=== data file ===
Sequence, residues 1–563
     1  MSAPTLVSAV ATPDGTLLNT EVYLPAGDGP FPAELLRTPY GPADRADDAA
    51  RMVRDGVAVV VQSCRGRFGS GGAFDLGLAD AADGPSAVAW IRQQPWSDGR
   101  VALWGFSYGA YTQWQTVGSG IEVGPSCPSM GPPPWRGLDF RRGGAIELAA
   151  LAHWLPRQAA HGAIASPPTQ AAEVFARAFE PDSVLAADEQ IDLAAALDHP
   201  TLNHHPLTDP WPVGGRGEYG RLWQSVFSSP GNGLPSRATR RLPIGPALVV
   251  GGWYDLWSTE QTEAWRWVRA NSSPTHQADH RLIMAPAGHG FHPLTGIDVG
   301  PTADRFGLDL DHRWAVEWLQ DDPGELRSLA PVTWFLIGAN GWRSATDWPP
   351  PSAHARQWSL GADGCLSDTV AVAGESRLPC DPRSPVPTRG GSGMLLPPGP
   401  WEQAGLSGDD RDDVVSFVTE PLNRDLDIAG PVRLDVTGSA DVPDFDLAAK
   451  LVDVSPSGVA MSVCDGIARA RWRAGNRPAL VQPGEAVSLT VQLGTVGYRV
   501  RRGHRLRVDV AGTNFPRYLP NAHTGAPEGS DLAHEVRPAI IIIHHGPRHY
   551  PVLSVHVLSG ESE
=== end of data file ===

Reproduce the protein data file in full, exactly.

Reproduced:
Sequence, residues 1–563
     1  MSAPTLVSAV ATPDGTLLNT EVYLPAGDGP FPAELLRTPY GPADRADDAA
    51  RMVRDGVAVV VQSCRGRFGS GGAFDLGLAD AADGPSAVAW IRQQPWSDGR
   101  VALWGFSYGA YTQWQTVGSG IEVGPSCPSM GPPPWRGLDF RRGGAIELAA
   151  LAHWLPRQAA HGAIASPPTQ AAEVFARAFE PDSVLAADEQ IDLAAALDHP
   201  TLNHHPLTDP WPVGGRGEYG RLWQSVFSSP GNGLPSRATR RLPIGPALVV
   251  GGWYDLWSTE QTEAWRWVRA NSSPTHQADH RLIMAPAGHG FHPLTGIDVG
   301  PTADRFGLDL DHRWAVEWLQ DDPGELRSLA PVTWFLIGAN GWRSATDWPP
   351  PSAHARQWSL GADGCLSDTV AVAGESRLPC DPRSPVPTRG GSGMLLPPGP
   401  WEQAGLSGDD RDDVVSFVTE PLNRDLDIAG PVRLDVTGSA DVPDFDLAAK
   451  LVDVSPSGVA MSVCDGIARA RWRAGNRPAL VQPGEAVSLT VQLGTVGYRV
   501  RRGHRLRVDV AGTNFPRYLP NAHTGAPEGS DLAHEVRPAI IIIHHGPRHY
   551  PVLSVHVLSG ESE